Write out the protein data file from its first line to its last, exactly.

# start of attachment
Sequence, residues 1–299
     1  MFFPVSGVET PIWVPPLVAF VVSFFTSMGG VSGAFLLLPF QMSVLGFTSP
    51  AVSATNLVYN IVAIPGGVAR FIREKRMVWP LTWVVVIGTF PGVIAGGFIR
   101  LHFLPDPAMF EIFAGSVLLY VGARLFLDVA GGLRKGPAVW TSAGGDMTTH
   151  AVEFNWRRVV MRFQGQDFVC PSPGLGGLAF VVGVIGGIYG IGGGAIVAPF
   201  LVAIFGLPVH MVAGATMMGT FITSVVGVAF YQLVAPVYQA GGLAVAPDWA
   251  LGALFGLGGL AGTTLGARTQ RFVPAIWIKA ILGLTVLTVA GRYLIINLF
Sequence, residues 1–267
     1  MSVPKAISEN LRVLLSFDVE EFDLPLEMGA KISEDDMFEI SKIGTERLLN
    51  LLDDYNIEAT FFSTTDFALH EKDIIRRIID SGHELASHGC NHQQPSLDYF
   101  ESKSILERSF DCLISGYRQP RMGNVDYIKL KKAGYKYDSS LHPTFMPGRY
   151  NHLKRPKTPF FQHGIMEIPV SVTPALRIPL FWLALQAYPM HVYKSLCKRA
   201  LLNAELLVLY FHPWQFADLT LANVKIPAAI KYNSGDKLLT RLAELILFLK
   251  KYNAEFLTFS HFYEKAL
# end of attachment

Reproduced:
Sequence, residues 1–299
     1  MFFPVSGVET PIWVPPLVAF VVSFFTSMGG VSGAFLLLPF QMSVLGFTSP
    51  AVSATNLVYN IVAIPGGVAR FIREKRMVWP LTWVVVIGTF PGVIAGGFIR
   101  LHFLPDPAMF EIFAGSVLLY VGARLFLDVA GGLRKGPAVW TSAGGDMTTH
   151  AVEFNWRRVV MRFQGQDFVC PSPGLGGLAF VVGVIGGIYG IGGGAIVAPF
   201  LVAIFGLPVH MVAGATMMGT FITSVVGVAF YQLVAPVYQA GGLAVAPDWA
   251  LGALFGLGGL AGTTLGARTQ RFVPAIWIKA ILGLTVLTVA GRYLIINLF
Sequence, residues 1–267
     1  MSVPKAISEN LRVLLSFDVE EFDLPLEMGA KISEDDMFEI SKIGTERLLN
    51  LLDDYNIEAT FFSTTDFALH EKDIIRRIID SGHELASHGC NHQQPSLDYF
   101  ESKSILERSF DCLISGYRQP RMGNVDYIKL KKAGYKYDSS LHPTFMPGRY
   151  NHLKRPKTPF FQHGIMEIPV SVTPALRIPL FWLALQAYPM HVYKSLCKRA
   201  LLNAELLVLY FHPWQFADLT LANVKIPAAI KYNSGDKLLT RLAELILFLK
   251  KYNAEFLTFS HFYEKAL